And I think the challenge there is that, you know, we’re in an environment where IoT devices…that the environment is very competitive and everyone is trying to do, sort of, the early mover trying to get their device on the market as soon as possible. We see a lot of startups. We see a lot of companies that don’t have any security people. I know we have, sort of, one or two designers who don’t have the opportunity to really go in and do research and understand the actual needs of users. And I think, unfortunately, that’s backwards. And until that gets rectified, and you see companies both exploring what it is that people actually will benefit from, and how to provide that in a way that minimizes access, I think that I will continue to be pretty skeptical about putting such devices in my own home.
Cindy Ng: And, so we’ve spent some time talking about design concepts, and security, and merging them together. How can someone get started? How do they start looking for a UX designer? Is that something that Simply Secure, the nonprofit that you’re a part of, can you help in any way?
Scout Brody: Yeah. So, that is actually, kind of, exactly what Simply Secure has set out to do as a nonprofit organization. You know, we recognize that it’s important to have this partnership between design and security in order to come up with products that actually meet the needs of people while also keeping them secure and keeping their data protected. And so, Simply Secure works both in a sort of information sharing capacity. We try to, sort of, build a sense of community among designers who are interested in security and privacy topics as well as developers and security folks who are interested in learning more about design. We try to be sort of a community resource. We, on our blog, and our very small but slowly growing GitHub repository, try to share resources that both designers and software developers can use to try and explore and expand their understanding at the intersection of security and design.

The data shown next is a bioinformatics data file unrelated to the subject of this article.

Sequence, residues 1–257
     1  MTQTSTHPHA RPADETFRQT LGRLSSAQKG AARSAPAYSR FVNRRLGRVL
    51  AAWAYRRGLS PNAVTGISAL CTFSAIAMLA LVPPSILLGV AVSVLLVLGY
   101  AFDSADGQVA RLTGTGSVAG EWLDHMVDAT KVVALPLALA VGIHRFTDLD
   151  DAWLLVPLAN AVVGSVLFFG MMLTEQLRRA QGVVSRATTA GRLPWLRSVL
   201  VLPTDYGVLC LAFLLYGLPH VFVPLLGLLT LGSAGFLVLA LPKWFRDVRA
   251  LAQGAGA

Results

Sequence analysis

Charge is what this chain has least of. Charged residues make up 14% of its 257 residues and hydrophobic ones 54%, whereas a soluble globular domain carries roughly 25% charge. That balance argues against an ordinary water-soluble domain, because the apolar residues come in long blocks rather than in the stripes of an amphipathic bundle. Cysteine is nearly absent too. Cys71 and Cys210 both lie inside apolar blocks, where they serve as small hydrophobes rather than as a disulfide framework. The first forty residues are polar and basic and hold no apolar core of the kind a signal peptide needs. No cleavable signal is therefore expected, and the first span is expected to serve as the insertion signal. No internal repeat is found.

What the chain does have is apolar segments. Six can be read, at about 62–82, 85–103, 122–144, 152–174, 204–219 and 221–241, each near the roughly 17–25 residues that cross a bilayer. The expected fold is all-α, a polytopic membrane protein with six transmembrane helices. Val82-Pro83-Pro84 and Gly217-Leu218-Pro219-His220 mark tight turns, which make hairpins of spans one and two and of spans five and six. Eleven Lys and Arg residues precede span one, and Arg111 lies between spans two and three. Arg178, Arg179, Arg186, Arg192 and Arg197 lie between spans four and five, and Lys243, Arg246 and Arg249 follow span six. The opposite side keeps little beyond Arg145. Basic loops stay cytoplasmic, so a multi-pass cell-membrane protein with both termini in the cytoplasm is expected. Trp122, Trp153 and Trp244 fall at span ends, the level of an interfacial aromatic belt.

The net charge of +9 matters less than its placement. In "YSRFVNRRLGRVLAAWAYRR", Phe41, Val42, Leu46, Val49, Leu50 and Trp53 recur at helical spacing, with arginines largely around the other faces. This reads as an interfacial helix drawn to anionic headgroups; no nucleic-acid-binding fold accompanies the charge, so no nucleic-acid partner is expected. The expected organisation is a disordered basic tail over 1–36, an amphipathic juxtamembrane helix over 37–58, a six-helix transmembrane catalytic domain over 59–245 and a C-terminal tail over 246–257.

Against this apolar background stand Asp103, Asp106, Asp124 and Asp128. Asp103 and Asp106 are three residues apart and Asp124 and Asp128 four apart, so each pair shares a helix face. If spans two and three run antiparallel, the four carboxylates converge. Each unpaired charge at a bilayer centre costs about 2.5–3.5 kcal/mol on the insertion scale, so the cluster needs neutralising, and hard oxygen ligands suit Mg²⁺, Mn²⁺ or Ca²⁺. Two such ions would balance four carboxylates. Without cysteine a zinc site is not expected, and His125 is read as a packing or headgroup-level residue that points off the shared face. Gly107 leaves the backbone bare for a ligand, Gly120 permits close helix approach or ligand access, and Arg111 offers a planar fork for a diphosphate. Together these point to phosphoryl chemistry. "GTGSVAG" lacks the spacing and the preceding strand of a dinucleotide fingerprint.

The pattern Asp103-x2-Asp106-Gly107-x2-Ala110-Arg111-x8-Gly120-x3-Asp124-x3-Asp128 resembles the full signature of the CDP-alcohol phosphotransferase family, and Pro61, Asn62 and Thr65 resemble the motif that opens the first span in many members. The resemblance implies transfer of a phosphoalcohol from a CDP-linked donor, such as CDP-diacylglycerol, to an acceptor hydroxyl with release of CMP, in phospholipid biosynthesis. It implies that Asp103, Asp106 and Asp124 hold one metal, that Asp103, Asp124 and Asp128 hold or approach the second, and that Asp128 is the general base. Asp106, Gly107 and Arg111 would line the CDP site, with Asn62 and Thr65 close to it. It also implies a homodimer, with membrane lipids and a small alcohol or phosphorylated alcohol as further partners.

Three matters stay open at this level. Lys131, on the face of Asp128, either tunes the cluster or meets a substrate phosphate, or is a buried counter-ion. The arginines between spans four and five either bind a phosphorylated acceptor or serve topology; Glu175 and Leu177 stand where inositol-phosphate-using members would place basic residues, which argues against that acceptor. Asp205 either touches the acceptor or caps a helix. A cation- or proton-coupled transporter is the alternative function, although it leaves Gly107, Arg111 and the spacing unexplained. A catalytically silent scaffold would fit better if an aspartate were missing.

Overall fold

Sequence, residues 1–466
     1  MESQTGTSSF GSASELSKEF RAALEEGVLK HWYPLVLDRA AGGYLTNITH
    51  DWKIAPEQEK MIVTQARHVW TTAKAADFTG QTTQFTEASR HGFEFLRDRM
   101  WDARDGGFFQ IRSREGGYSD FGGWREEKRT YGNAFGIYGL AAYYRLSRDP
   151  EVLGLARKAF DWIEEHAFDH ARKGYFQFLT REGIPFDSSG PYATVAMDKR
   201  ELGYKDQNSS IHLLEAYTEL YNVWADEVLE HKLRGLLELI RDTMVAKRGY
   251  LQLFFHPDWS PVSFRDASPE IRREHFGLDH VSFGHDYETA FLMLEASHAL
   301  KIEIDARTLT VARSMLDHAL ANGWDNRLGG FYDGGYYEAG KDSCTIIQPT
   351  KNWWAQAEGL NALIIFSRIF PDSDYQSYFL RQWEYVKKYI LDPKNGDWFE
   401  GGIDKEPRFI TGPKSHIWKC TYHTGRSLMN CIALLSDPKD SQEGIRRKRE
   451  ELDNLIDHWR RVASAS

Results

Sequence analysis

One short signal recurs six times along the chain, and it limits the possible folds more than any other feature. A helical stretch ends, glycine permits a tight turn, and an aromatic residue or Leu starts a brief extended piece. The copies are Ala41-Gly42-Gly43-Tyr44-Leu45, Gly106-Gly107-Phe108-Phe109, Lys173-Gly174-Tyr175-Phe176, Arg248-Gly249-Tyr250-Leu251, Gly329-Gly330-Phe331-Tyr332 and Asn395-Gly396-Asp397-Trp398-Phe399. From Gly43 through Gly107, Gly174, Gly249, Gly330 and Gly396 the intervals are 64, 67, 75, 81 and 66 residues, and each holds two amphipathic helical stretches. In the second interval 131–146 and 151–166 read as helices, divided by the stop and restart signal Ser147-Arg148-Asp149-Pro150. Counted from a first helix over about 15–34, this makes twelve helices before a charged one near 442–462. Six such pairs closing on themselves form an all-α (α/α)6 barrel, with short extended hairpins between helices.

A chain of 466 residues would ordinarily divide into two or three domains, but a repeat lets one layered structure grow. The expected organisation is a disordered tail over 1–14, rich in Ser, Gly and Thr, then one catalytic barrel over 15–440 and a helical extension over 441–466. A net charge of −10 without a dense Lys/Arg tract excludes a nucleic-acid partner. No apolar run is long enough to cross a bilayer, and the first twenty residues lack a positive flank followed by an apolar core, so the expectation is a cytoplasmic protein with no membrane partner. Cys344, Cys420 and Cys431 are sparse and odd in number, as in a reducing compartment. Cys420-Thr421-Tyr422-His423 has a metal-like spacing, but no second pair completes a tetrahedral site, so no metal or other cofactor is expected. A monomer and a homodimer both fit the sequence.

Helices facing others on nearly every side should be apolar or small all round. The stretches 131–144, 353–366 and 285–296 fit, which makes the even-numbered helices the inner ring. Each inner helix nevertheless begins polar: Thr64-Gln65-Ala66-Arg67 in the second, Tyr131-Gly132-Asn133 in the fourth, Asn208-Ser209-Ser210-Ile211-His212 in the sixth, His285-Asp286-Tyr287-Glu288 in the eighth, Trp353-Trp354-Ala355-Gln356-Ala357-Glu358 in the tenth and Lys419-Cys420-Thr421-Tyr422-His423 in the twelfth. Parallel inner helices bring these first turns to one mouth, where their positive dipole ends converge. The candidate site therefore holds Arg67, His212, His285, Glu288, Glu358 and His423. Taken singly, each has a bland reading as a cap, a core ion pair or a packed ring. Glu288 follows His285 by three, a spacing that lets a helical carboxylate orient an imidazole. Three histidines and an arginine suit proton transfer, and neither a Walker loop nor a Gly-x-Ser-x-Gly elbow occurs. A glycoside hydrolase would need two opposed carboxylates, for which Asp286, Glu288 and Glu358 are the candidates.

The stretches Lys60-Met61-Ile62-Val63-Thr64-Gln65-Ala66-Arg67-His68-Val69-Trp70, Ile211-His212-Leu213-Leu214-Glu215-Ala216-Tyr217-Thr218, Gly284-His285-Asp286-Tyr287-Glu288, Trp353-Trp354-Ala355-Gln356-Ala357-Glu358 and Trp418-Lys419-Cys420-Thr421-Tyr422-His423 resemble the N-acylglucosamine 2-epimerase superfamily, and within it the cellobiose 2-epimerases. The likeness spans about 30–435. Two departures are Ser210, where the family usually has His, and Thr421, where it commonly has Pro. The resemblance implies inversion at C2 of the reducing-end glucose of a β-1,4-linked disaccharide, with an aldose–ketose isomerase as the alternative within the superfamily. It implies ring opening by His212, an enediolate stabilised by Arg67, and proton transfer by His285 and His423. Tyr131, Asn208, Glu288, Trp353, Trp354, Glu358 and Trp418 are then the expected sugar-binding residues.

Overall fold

We actually, as an organization, do ourselves what we call open research and consulting. And the idea here is that an organization, and it can be any organization, either a small nonprofit consortium organization, in which case, you know, we work with them potentially pro bono. Or, a large for-profit tech company, or a startup, in which case we would, you know, try to figure out some sort of consulting arrangement. But we work with these organizations to help them go through a design process that is simultaneously integrated with their security and privacy process as well. And since we are a nonprofit, we don’t just do, sort of, traditional consulting where we go in, do UX research and then come out, you know, with a design that will help the company. We also go through a process of open sourcing that research in such a way that it will benefit the community as a whole. And so the idea here is that by engaging with us, and sort of working with us to come up with a design or research problem…a problem that an organization is having with their software project, they will not only be solving their problem but also be contributing to the community and the advancements of this work as a whole.